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Into Yellowstone

We’re back from Yellowstone National Park and I’m backdating a week’s worth of blog entries now that I can once again get online.

From the moment you leave Cody, the road begins to climb and the scenery becomes stunningly rugged and fascinating. Even though Yellowstone starts about 40 miles away, it feels as though you’ve wandered off into the rocky wilderness almost immediately.

cody-bb-dam.jpgTwo short tunnels and one long tunnel later, the first unexpected sight is a large reservoir and the Buffalo Bill dam. The dam was the tallest ever when it was built in the early 20th century, and a superb little visitor center will tell you all about it. The wind is also terrific, so fierce that steel bars atop the dam sing. Amazingly, you can walk out on the top of the dam and experience the awesome view and wind, even in this age of rampant security precautions.

A little further down is Buffalo Bill State Park, right on the shores of the reservoir. We noted it for a visit next time. Cell phones work there, somewhat amazing considering the remote feeling of the place.

Last time we went to Yellowstone we were unimpressed by the crowding in July and August. Eleanor was frankly not thrilled to be back, thinking that it would be the same, but the crowds have left and the park is much more pleasant, although the frequent visitors tell us that for September it still seems crowded to them. The East Entrance, by the way, is now completely re-paved and makes a fine entrance once again.

At the Canyon Visitor Center we heard a fellow talking on his cell phone. (This briefly depressed me since it meant I could get online and work near Canyon, but I decided to file that information and not make use of it on this visit.) He was excitedly telling someone, “Did you hear what happened to me yesterday? I hit an elk!” He appeared uninjured, but I expect the elk didn’t get off quite as well.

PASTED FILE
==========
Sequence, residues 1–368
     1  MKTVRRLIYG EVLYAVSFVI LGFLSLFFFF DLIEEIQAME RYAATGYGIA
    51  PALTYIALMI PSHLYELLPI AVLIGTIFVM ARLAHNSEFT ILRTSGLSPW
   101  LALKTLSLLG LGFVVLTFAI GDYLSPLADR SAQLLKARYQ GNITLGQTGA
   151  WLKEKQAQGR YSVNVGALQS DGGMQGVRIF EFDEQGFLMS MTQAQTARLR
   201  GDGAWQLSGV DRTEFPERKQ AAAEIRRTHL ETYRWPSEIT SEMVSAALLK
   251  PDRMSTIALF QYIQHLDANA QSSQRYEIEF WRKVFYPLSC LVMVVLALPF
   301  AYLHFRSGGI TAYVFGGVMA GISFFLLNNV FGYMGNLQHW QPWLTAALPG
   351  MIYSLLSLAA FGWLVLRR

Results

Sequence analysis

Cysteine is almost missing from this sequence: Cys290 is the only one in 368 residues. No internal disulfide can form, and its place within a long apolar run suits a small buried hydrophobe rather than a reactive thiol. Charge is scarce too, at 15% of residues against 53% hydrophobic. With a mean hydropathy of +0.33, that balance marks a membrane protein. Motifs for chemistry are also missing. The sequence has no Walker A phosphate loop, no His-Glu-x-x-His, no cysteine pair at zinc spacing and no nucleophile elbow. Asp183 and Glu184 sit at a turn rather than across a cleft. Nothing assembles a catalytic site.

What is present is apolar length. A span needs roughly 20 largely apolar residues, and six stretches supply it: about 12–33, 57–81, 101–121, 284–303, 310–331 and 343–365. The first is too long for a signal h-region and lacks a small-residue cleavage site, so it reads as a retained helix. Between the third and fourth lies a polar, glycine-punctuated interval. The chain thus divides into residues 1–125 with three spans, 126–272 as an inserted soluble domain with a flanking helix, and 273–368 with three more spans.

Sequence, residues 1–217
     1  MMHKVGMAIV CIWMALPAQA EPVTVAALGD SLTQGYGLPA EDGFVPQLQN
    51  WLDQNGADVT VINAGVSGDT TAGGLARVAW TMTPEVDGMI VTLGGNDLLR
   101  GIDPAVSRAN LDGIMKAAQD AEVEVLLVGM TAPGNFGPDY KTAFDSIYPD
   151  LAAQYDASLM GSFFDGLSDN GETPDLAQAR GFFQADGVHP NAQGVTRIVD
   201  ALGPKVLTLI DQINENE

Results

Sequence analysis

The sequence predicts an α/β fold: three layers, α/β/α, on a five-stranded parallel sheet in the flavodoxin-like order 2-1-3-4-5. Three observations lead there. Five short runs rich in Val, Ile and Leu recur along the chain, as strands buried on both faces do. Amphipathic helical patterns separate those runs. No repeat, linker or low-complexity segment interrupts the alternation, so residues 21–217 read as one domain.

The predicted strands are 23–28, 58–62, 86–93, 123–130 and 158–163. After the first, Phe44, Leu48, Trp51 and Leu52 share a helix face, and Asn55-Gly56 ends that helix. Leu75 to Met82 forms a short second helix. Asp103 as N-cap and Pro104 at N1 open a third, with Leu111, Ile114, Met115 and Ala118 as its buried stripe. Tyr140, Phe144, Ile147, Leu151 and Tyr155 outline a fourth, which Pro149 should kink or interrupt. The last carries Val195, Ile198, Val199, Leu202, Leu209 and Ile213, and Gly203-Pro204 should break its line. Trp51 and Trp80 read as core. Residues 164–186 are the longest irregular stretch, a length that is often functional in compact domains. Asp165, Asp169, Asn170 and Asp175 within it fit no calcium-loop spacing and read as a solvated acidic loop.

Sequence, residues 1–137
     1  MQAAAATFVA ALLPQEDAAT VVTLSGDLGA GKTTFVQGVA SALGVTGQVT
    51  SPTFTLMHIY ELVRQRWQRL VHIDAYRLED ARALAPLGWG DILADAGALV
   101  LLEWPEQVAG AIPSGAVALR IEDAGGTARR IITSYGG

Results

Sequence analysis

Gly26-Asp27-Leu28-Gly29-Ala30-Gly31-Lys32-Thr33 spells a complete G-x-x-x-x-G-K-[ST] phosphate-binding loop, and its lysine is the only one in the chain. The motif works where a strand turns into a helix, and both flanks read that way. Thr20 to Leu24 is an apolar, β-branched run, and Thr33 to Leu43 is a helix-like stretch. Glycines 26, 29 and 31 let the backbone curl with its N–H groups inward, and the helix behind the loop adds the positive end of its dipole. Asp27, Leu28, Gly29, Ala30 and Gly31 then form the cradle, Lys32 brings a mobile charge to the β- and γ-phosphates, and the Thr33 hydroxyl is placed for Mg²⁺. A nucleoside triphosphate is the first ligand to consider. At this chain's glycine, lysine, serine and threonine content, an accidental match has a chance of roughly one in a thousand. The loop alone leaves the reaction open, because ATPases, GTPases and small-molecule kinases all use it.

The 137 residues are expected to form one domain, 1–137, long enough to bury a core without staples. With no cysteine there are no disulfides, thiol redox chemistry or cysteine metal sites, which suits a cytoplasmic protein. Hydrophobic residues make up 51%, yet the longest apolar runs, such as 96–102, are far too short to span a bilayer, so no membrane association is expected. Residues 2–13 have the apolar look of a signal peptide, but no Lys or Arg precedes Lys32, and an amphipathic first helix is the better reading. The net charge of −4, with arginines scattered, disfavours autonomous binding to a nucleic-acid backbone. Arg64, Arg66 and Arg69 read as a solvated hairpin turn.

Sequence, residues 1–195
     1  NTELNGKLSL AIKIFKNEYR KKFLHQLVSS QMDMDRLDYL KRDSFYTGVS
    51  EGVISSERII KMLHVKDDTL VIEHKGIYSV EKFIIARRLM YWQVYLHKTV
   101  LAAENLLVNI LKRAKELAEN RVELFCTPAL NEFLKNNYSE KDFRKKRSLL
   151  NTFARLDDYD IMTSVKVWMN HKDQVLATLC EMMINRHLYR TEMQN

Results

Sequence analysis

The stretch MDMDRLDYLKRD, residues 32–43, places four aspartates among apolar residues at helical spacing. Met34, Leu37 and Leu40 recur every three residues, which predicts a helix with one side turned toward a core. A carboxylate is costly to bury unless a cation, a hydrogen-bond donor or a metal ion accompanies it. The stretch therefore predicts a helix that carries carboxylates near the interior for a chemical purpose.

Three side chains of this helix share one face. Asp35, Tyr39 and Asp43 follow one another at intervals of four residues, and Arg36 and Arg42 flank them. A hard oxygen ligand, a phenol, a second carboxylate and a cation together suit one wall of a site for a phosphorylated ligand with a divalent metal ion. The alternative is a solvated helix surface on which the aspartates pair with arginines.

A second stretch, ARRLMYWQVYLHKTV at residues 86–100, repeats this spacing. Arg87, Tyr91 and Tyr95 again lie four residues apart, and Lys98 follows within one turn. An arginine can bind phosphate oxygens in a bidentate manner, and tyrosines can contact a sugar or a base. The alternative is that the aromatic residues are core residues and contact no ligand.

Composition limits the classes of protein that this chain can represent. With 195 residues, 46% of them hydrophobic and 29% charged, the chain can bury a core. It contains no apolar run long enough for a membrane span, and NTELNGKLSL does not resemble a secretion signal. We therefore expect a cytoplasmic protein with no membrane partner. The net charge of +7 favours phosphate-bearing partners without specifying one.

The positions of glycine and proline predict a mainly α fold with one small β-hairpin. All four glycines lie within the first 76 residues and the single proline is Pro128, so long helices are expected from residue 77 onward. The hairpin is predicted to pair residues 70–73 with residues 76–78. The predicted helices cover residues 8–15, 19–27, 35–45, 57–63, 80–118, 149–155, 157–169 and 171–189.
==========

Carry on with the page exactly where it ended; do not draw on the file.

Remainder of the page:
Sites at Madison campground are generally a bit tight for bigger RVs. We spent ten minutes wedging into our site so that we could park without scraping a tree or leaving a wheel off the pavement (there are fines for that). The other obvious problem is that our site is partially shaded by tall lodgepole pines to the east and west, which will reduce our solar gain to much less than I had anticipated. This could be a problem after five nights. Everyone else here seems to have a generator, and they run them a lot, probably because the nights are freezing.

yellowstone-emma-friend.jpgOn the plus side, our neighbors have two homeschooled kids, ages 6 and 10, and Emma managed to make instant friends with them. They have a lot in common as a result of their schooling. We can tell homeschooled kids now just from their generally outgoing behavior and their comfortable attitude toward adults.

It’s time to make a small announcement: we have decided to continue homeschooling Emma for at least another year. It has been a great success and since her Montessori school in Tucson has had no openings thus far, we see no reason to stop traveling anytime soon.   We gave Emma some placement tests for second grade and found she was pretty much on track or ahead of the game in all areas, so our confidence in our schooling technique has been raised.   In the morning before we left Cody, we ordered a curriculum from the Calvert School which will be delivered to Bert & Janie’s house next week. I’ll talk more about that later.

2 Responses to “Into Yellowstone”

  1. Duane Says:

    Glad to hear you plan on continuing the home schooling effort for another year. Our boys are 11 and 8 and have always been home schooled except for the year we lived in Portugal.

  2. Michele Haffnr Says:

    I’m so glad you’re back!! I’ve been missing my daily “fix” of “Airstreaming” and Tour of America. Thanks for sharing your life and allowing me to live vicariously through your experiences.